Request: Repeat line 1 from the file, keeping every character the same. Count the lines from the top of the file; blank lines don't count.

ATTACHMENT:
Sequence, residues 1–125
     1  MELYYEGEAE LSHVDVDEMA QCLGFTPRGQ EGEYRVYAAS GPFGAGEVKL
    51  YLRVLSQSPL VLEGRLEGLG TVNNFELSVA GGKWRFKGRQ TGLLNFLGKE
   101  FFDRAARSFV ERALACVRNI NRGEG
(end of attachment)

Sequence, residues 1–125